While the world is suffering from this pandemic of covid-19, we ask your Protection and Intercession, that those who are affected be relieved of their burden, and that You protect all of humanity from this miserable life. 

“Our Lord, do not impose blame upon us if we have forgotten or made a mistake, Our Lord, lay not upon us a burden like that which You laid upon those before us, Our Lord, burden us not, with that which we have no ability to bear.” (The Qur’an 2:286). 

O Allah, we submit ourselves unto You, 

We entrust our affairs unto You, we turn our face towards You 

And we totally rely on You, in hope and mercy from You

Verily there is no refuge, nor haven from You, except with You. 

Our Lord, grant us the best in This Life and best in The Hereafter. 


---The End ---


From Elizabeth Stone, NCCA General Secretary

The prayer I have chosen for tonight is the Prayer of St Francis of Assisi. It speaks both to our memorial tonight and to the current Season of Creation that we are marking in the Christian Churches, a season that commenced on 1 September and finishes on the feast day of St Francis on 4 October. And this year the Season leads into the UN’s global climate talks in Glasgow in November so is a season of great prayer for all of God’s creation now and in the future. I also note that St Francis was a great inter-faith emissary having engaged in peace-making dialogues with the Muslim Sultan of his time.

So let us pray the Prayer of St Francis –

Lord, make me an instrument of your peace:

where there is hatred let me sow love,

where there is injury let me sow pardon,

where there is doubt let me sow faith,

where there is despair let me sow hope,

where there is darkness let me give light

where there is sadness let me give joy.

O divine master, grant that I may

not try to be comforted but to comfort,

not try to be understood as to understand,

not try to be loved but to love. 

For it is in giving that we receive,

it is in forgiving that we are forgiven

and it is in dying that we are born to eternal life.


From Zubeda Raihman, President Muslim Women's National Network of Australia, Inc. (MWNNA) 

My peace prayer:

In Arabic: Bismillah Hir Rahman ni Raheem 

Allahumma antas salaam wa minkassalaam wa ilaika yarjessalam, 

hayyena rabbana bissalaame wa'adkhilna darasalame tabarakta rabbana wa ta'alaita ya zaljalali-i-walikram,  


Translation: In the name of God, the most gracious, the most merciful

O Allah! You are peace personified; You are source of Peace for all creatures. O Creator and Sustainer keep us alive with peace, and let us enter the House of peace.

O Lord, O possessor of awe and honour, You are Sublime and Bounteous.


Sayings of Prophet Muhammad (pbuh) As narrated by Muslim:

You will not enter Paradise until you believe,

and you will not believe until you love one another,

and you will not love one another until you promote peace among you.


A Prayer from (Sr) Cheryl Camp RSM.

Oh Divine Being, Creating Spirit,

essence of peace, harmony and love,

You have made us in your own image

and gifted us with the capacity to live together as one human family,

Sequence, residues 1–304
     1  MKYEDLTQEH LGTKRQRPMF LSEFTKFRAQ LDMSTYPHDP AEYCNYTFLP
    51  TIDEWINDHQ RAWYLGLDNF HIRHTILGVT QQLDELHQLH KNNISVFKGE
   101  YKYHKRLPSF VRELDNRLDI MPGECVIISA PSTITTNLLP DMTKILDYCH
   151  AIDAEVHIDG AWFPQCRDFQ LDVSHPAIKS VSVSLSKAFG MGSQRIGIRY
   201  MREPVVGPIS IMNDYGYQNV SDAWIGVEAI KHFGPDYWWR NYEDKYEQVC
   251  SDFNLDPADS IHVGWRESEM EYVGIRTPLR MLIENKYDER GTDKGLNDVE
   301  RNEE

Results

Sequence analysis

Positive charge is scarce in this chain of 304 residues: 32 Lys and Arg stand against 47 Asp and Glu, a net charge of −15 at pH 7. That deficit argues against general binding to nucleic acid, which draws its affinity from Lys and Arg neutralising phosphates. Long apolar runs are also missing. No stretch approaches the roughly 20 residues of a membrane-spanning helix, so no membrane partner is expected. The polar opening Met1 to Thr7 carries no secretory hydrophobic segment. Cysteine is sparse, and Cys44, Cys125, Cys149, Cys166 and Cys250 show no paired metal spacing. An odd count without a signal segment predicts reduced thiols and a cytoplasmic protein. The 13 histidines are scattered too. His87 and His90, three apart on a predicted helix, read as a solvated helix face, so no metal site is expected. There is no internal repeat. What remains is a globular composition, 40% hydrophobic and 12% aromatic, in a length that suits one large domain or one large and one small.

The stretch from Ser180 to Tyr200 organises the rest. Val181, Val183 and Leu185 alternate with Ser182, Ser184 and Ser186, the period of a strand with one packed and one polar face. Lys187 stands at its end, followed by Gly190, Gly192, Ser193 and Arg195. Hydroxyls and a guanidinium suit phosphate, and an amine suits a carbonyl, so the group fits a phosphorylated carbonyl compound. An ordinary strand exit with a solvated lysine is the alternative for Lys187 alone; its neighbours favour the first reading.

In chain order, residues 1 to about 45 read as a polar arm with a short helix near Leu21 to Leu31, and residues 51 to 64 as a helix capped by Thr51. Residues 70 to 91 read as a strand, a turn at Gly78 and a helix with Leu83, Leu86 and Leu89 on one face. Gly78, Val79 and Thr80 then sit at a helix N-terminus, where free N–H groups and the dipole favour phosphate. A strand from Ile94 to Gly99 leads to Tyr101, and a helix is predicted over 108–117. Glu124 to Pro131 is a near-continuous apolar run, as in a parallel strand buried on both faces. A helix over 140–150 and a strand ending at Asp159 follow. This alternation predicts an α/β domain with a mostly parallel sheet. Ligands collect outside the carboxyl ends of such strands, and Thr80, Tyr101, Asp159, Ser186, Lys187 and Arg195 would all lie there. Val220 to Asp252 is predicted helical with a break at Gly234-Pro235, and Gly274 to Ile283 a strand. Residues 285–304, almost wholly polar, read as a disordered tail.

blessed with differences that enrich our lives.

We pray for Your blessing of peace

as we commemorate those who die

when your human family fails to be those whom You wish us to be.

We place ourselves in Your hands,



From Felicity McCallum, NCCA’s First Nations Adviser

As an Awabakaleen an Indigenous Australian and Celtic, I would like to share with you from my traditions. First with an acknowledgement of the ancestors:

Bo wiyeaka kakillko Awabakal, kakillko Ngunnawal, ngambri and Australia

The ancestors in our Indigenous communities are the Seers, the poets, the ones who see through and like medicine their stories heal our relationships and tell us how to live in freedom, peace and vitality. 

One of my other traditions, or a tradition that has influenced my teaching vocation most strongly is the Marist one, and so I offer the following reading which speaks of mystics, just like old Ones who are the Seers, who guide us at these times such as the 20th anniversary of 9/11:

From: Water From the Rock, Marist Spirituality - Flowing in the tradition of Marcellin Champagnat, (June 2007)

The Holy Spirit will come upon you

Todays’ world deeply needs men and women who are mystics – people who are able to touch the mystery of all life, in an attitude of openness and surrender. Having experienced the love of God, they are witnesses of light among their fellow pilgrims, inspiring them to seek God.

The mystic believes that the Holy Spirit is always present and at work in the world. The Spirit gives meaning to life and our participation in the mission of God.

As mystics we perceive “the footprints of God” in all the events of life.  Through a reading of our reality in faith, we are taken beyond appearances and surface meanings, and brought into the depths of each situation…

To welcome God in this way, we need to develop an attitude of openness. With God’s help we grow into being an attentive listener to life, reflective and perceptive when reviewing the events of our life, and generous in responding to the invitations of the Spirit contained within the substance of our days.


Thank you to all of our Muslim, Jewish and Christian friends who participated in the prayer meeting.